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Well, I took the new bike out for a spin around the neighborhood trails, which are smooth and flowy with some steep pitches and tight switchbacks. I am feeling pretty lousy today so wasn't exactly killing it out there. The thing climbs like a dream--I had a second fastest time on one of the climbs :) and it's buttery smooth on the descents. I was a bit slower on the descents but I attribute that to feeling the bike out at speed and in switchbacks. It handled the switchbacks really well. I felt centered and could turn it really tight. Jury is out on the bars. I am definitely in a more upright position and they didn't feel ridiculously wide but that could change in more technical terrain. I'll leave them for now. I've been riding the same geometry for 3 seasons now, so this is a fun change. Not sure if it would be considered a ST or LT bike at 140/130 but I think I'm going to really enjoy it especially on our chunky rocky trails (which we have plenty of.)

And here's a funny: we got out two different tire gauges and a spare pump to test against the pump we always use (bought two seasons ago.) Our pump measures 5 pounds light! So, I've been riding my 2.6 tire in the front with 18 lbs instead of the 13 ish that I thought I was. No wonder it felt like a balloon on rocks! I was riding the 2.4 in the back with the equivalent of almost 21 lbs, which is way more than I need. We checked the pump against the gauges last season and it was accurate but hadn't checked it this season. :doh: I'll be using the secondary gauge from now on, or just use the pump that is measuring accurately.
 

Josh Matta

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wet leaves are fun just get some cut spikes!

https://www.maxxis.com/catalog/tire-492-140-shorty



They honestly make riding on wet leaves easy as well mud and anything loose or loamy. In fact I would rather ride on wet leaves with a shorty than ride on dry hardpacked trail with a DHF or DHR2.
 
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Tom K.

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Events conspired such that we ended up skipping Winnemucca today, but will arrive Moab tomorrow.

Stay tuned for some pics!

Sadly, my new Fuel EX is back at home. Hoping I don't break my Top Fuel in half on the Moab chunk.
 

Josh Matta

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speaking of bar width....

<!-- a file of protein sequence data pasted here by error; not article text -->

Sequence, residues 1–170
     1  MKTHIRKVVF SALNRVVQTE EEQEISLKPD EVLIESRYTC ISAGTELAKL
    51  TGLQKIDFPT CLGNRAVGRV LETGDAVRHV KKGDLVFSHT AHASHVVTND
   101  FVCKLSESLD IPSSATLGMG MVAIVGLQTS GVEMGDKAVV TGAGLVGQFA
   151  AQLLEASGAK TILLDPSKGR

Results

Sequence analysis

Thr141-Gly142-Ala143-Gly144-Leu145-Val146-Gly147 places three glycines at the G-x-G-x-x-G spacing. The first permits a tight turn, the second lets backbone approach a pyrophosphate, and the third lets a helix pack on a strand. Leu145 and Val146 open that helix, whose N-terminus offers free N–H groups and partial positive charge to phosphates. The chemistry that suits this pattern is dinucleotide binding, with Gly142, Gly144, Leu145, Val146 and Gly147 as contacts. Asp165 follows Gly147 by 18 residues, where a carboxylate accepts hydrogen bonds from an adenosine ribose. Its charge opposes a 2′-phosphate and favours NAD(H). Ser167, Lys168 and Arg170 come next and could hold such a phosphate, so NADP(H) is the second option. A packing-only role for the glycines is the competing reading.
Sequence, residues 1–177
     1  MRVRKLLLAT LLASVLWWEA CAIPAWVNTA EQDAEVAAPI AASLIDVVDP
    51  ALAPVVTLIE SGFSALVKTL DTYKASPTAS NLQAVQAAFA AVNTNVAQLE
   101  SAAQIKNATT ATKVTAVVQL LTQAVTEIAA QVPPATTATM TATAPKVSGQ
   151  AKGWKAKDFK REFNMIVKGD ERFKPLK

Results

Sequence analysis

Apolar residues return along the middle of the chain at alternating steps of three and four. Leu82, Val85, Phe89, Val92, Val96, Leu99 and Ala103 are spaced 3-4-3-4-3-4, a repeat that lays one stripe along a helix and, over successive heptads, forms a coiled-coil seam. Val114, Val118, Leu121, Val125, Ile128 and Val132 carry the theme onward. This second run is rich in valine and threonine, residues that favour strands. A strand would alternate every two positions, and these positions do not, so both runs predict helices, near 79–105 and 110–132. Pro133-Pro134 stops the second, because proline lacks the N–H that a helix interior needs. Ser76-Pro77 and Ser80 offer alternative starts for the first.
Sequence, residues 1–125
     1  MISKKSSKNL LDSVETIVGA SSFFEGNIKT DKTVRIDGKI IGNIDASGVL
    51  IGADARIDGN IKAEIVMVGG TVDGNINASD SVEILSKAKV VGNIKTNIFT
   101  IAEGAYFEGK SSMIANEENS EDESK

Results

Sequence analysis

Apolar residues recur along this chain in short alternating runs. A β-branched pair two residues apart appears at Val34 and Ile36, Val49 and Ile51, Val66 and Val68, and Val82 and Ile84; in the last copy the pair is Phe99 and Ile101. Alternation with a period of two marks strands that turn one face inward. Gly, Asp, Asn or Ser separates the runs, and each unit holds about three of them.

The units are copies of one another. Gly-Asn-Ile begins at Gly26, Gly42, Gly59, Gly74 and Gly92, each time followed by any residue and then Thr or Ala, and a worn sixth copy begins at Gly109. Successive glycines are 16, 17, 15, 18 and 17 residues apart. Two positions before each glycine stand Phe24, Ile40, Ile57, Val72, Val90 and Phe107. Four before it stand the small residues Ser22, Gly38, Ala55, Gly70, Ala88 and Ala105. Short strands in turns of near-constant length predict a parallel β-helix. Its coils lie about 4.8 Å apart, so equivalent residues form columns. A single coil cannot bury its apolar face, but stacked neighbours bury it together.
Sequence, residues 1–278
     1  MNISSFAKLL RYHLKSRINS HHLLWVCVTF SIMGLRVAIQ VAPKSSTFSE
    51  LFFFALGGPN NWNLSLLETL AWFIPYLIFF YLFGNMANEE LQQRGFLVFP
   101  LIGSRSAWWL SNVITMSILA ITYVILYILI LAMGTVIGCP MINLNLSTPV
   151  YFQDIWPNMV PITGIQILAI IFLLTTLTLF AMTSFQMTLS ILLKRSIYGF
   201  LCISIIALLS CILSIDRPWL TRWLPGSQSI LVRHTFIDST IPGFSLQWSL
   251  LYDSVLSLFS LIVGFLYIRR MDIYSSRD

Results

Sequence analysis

bars are too wide, probably too high, and the years zoe has spent on riding with out dropper has messed her up for riding with a dropper.

Dont get back! Get low and get forward with bent arms that can take up negative space! glad to she her pro coach is on the same page.
 
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nay

dirt heel pusher
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speaking of bar width....


bars are too wide, probably too high, and the years zoe has spent on riding with out dropper has messed her up for riding with a dropper.

Dont get back! Get low and get forward with bent arms that can take up negative space! glad to she her pro coach is on the same page.
I watched this, too, and saw that tendency to get way back. This is a good series start, although on Insta a bunch of the comments were “never go full Enduro” :P.

All of these sub-categories kill me. Trails are trails.
 

nay

dirt heel pusher
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Finally just rode this little notch where I just couldn’t get comfortable with the drop in angle and clearance. It’s a tight drop coming off a turn and exiting with a turn, but as with many things if you just ride it the flow clears.

So that makes a clean run of Nacho - short trail that is all of the best kind of tech riding, exiting the slick rock with a number of 2’ railroad beam drops (erosion control) that make for some easy fun air time.

38E4542A-900F-4A8F-AD76-DBC6F13FADF0.jpeg
9DB0DECF-1FC0-4C54-BF5F-8088CE48940E.jpeg
 

AmyPJ

No longer on the single track.
Pugski Ski Tester
Posts
4,099
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Ogden, UT